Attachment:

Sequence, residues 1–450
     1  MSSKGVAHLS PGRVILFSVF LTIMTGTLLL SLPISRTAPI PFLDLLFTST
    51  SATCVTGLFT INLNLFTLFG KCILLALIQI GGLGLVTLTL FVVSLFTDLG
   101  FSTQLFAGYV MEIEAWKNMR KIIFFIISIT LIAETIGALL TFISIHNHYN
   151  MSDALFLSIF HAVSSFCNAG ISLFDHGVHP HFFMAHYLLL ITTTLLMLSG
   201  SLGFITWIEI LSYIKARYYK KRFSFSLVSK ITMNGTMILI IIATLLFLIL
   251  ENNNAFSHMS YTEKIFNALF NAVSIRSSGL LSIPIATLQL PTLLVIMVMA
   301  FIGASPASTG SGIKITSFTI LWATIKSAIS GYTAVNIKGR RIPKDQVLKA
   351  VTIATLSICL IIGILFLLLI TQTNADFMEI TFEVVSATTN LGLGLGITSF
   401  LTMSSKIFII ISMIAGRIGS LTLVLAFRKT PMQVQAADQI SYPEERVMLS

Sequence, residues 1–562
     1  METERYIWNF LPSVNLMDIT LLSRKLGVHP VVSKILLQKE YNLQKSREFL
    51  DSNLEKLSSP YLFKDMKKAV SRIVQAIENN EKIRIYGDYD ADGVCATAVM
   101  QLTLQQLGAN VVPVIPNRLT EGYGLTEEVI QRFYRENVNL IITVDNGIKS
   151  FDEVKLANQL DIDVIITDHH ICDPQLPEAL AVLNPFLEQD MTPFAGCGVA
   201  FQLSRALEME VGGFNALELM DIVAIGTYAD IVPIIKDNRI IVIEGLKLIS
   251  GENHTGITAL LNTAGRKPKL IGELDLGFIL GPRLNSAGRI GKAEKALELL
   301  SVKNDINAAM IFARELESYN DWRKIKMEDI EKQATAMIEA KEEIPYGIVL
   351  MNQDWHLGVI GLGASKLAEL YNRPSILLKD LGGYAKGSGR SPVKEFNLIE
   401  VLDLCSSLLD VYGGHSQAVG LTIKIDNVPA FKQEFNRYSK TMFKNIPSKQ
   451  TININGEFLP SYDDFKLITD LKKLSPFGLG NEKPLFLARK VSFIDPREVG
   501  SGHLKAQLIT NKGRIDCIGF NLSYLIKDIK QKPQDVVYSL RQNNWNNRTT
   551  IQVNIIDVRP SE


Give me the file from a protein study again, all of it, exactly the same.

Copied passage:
Sequence, residues 1–450
     1  MSSKGVAHLS PGRVILFSVF LTIMTGTLLL SLPISRTAPI PFLDLLFTST
    51  SATCVTGLFT INLNLFTLFG KCILLALIQI GGLGLVTLTL FVVSLFTDLG
   101  FSTQLFAGYV MEIEAWKNMR KIIFFIISIT LIAETIGALL TFISIHNHYN
   151  MSDALFLSIF HAVSSFCNAG ISLFDHGVHP HFFMAHYLLL ITTTLLMLSG
   201  SLGFITWIEI LSYIKARYYK KRFSFSLVSK ITMNGTMILI IIATLLFLIL
   251  ENNNAFSHMS YTEKIFNALF NAVSIRSSGL LSIPIATLQL PTLLVIMVMA
   301  FIGASPASTG SGIKITSFTI LWATIKSAIS GYTAVNIKGR RIPKDQVLKA
   351  VTIATLSICL IIGILFLLLI TQTNADFMEI TFEVVSATTN LGLGLGITSF
   401  LTMSSKIFII ISMIAGRIGS LTLVLAFRKT PMQVQAADQI SYPEERVMLS

Sequence, residues 1–562
     1  METERYIWNF LPSVNLMDIT LLSRKLGVHP VVSKILLQKE YNLQKSREFL
    51  DSNLEKLSSP YLFKDMKKAV SRIVQAIENN EKIRIYGDYD ADGVCATAVM
   101  QLTLQQLGAN VVPVIPNRLT EGYGLTEEVI QRFYRENVNL IITVDNGIKS
   151  FDEVKLANQL DIDVIITDHH ICDPQLPEAL AVLNPFLEQD MTPFAGCGVA
   201  FQLSRALEME VGGFNALELM DIVAIGTYAD IVPIIKDNRI IVIEGLKLIS
   251  GENHTGITAL LNTAGRKPKL IGELDLGFIL GPRLNSAGRI GKAEKALELL
   301  SVKNDINAAM IFARELESYN DWRKIKMEDI EKQATAMIEA KEEIPYGIVL
   351  MNQDWHLGVI GLGASKLAEL YNRPSILLKD LGGYAKGSGR SPVKEFNLIE
   401  VLDLCSSLLD VYGGHSQAVG LTIKIDNVPA FKQEFNRYSK TMFKNIPSKQ
   451  TININGEFLP SYDDFKLITD LKKLSPFGLG NEKPLFLARK VSFIDPREVG
   501  SGHLKAQLIT NKGRIDCIGF NLSYLIKDIK QKPQDVVYSL RQNNWNNRTT
   551  IQVNIIDVRP SE